U.S. health regulators ordered two medical device companies to stop selling a surgical mesh used in pelvic repair surgeries, after thousands of claims by women that they were injured by the products.
The Food and Drug Administration said it had told Boston Scientific Corp. and Humlebaek, Denmark-based Coloplast A/S “to stop selling and distributing their products in the U.S. immediately.” The order applies to the companies’ surgical mesh products for the transvaginal repair or pelvic organ prolapse, which we recategorized as high-risk devices in 2016.
Boston Scientific shares were down 3.8 percent to $36.37 at 12:26 p.m. in New York. The company has faced thousands of lawsuits over the mesh inserts, which are used by surgeons to buttress the pelvic wall. Coloplast’s American depositary receipts fell 2.8 percent.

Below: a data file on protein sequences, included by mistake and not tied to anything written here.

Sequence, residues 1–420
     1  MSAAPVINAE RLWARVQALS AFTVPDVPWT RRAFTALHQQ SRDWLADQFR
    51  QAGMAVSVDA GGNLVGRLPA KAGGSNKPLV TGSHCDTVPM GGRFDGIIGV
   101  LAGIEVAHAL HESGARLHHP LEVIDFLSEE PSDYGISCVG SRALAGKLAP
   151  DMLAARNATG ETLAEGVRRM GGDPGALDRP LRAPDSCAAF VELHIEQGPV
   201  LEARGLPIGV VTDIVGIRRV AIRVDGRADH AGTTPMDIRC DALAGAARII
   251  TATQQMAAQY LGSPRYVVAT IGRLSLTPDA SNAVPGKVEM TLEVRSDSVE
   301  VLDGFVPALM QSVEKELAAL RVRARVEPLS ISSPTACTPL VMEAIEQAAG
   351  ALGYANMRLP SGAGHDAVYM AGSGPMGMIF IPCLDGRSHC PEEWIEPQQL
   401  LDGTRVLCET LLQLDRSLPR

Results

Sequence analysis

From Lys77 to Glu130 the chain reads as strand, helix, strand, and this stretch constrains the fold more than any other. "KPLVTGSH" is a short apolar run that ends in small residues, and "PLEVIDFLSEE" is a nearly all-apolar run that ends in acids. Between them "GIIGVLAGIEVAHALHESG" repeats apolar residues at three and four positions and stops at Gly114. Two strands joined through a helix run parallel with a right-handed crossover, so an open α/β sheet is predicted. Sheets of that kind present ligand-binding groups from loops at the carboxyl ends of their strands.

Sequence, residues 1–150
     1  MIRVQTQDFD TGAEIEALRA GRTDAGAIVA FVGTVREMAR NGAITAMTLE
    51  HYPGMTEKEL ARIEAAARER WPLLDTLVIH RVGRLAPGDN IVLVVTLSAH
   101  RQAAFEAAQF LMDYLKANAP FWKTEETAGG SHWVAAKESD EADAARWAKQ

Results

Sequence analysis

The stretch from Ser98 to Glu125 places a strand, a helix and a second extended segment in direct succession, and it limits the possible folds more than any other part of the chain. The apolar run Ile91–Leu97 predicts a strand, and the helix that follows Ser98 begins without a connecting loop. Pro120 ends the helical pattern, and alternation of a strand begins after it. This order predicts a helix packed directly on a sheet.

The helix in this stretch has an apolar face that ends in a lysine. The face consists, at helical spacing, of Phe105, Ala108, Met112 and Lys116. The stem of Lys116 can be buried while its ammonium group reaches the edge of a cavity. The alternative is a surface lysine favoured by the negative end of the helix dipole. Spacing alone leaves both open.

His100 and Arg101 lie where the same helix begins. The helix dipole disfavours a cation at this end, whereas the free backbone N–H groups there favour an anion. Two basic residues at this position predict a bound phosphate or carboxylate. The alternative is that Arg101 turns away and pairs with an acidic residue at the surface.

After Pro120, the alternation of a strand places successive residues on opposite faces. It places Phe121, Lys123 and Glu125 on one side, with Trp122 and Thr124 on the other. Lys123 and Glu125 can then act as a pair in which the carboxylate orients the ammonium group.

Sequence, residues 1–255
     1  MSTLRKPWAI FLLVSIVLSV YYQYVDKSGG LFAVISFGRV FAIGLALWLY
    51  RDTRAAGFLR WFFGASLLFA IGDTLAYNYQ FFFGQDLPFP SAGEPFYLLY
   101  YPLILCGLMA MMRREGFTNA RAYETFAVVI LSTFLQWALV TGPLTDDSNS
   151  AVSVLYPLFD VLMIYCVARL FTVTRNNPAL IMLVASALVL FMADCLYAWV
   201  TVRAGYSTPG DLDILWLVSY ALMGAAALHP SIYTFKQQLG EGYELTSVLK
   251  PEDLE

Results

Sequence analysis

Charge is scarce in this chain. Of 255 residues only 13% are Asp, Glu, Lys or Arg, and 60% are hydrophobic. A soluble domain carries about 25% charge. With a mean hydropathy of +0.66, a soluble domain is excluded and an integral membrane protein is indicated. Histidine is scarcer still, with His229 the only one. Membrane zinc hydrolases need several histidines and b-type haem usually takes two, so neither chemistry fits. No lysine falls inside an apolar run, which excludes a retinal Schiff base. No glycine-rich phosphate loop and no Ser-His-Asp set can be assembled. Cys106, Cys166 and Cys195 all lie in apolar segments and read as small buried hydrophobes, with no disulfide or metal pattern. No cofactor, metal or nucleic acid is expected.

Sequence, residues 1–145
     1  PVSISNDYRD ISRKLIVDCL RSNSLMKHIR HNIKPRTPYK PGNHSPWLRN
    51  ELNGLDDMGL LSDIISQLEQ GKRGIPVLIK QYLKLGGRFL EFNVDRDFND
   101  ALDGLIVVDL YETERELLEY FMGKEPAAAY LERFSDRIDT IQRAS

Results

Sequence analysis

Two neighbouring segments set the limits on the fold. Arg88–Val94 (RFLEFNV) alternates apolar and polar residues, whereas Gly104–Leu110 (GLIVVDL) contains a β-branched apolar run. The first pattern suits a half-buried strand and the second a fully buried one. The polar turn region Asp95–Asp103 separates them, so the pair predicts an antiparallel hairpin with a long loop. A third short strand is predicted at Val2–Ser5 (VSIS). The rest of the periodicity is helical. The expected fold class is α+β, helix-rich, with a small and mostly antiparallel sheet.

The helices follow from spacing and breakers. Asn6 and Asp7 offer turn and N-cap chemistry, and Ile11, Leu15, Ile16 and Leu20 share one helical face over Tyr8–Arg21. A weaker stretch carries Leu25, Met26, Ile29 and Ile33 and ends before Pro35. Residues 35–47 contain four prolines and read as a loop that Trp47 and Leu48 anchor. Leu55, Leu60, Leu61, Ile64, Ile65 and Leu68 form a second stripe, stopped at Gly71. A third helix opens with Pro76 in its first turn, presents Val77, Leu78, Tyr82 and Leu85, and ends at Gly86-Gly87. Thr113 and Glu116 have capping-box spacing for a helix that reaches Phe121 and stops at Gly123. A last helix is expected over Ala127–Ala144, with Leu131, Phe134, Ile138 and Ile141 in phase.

“The FDA has determined that the manufacturers, Boston Scientific and Coloplast, have not demonstrated a reasonable assurance of safety and effectiveness for these devices,” the agency said in a statement. The finding may complicate the outcome of lawsuits against the companies, which have continued to sell the mesh even as women claimed they caused permanent pain and damage.
Kelly Leadem, a Boston Scientific spokeswoman, didn’t immediately return a phone call seeking comment.
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